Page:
In the world of Magritte and Michaux, which is also the world of Donald Barthelme, the familiar arrives without its usual credentials of expectations raised and satisfied. People and things either lack their usual outlines or else keep them in a frame against which they suddenly appear distorted. Clouds mingle freely with not-clouds. We are neither here nor there.
Barthelme has been here with us for some time now, as his sixty stories, selected from eight books and several magazines, happily indicate. Jackanapes and Jeremiah, he keeps even old readers busy guessing what will happen next, as well as what’s happening now. Say that he has no relation to the real world, and then open the volume at the first story, “Margins.” It’s fantastic enough, about handwriting analysis, yet the conversation of a black man and a white on this ostensibly colorless subject develops more and more vicious assumptions about them until it explodes. Words not only lead to blows, they are blows. Say that Barthelme has no moral standards, and “ethical corollaries” fly about like midges, exasperatingly present if hard to swat. In a way every story is a parable, a parable without a lesson, at least a statable lesson. And all those philosophical worthies—Marcel, Buber, Kierkegaard, Poulet—have only an uncertain standing as he invokes them. They portentously hold up a firmament that doesn’t quite exist, and their grip may be slipping.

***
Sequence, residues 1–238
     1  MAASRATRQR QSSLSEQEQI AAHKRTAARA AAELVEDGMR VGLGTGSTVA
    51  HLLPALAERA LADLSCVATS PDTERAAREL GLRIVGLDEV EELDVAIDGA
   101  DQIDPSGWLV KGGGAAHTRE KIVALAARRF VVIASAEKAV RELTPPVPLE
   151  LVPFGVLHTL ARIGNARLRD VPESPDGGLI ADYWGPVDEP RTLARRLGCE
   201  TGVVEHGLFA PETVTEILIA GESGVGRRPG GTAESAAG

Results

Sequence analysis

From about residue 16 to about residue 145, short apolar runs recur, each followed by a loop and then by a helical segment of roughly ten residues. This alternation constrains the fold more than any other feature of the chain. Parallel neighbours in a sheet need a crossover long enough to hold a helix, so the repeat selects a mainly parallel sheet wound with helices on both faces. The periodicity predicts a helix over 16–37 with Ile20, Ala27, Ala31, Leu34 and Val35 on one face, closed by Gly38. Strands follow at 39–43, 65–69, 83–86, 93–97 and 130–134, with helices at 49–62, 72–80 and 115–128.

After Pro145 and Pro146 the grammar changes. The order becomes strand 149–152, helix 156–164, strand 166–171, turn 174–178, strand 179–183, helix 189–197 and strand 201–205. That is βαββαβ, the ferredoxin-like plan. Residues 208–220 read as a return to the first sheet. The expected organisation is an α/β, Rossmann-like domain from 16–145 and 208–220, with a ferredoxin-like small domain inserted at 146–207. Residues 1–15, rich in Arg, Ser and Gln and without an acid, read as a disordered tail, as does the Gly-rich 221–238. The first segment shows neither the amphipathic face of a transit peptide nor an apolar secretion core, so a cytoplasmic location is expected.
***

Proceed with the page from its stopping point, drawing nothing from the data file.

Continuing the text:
One thing Barthelme does guarantee for us is that reality is real, real as a fairy tale. That balloon over lower Manhattan is filled with the helium of myth, and the myth of helium, and can be variously interpreted. But there is no doubt that it is, or was, there: “I met you under the balloon, on the occasion of your return from Norway; you asked if it was mine, I said it was. The balloon, I said, is a spontaneous autobiographical disclosure, having to do with the unease I felt at your absence, and with sexual deprivation, but now that your visit to Bergen has been terminated, it is no longer necessary or appropriate. Removal of the balloon was easy. …” Peterson in “A Shower of Gold” announces, “My mother was a royal virgin, and my father was a shower of gold,” and “although he was, in a sense, lying, in a sense he was not.”
Barthelme’s travelogues also describe countries in which we cannot hope to be naturalized. “This Paraguay is not the Paraguay that exists on our maps. … This Paraguay exists elsewhere.” Paraguayan local customs are marvelous: “Each citizen is given as much art as his system can tolerate.” “Silence is also available in the form of white noise.” “Everyone in Paraguay has the same fingerprints. There are crimes but people chosen at random are punished for them. Everyone is liable for everything.” There is red snow; when the meaning of it is asked, the answer is banal: “Like any other snow, it invites contemplation and walking about in …
This article is available to subscribers only.
Please choose from one of the options below to access this article:
Purchase a print premium subscription (20 issues per year) and also receive online access to all all content on nybooks.com.
Purchase an Online Edition subscription and receive full access to all articles published by the Review since 1963.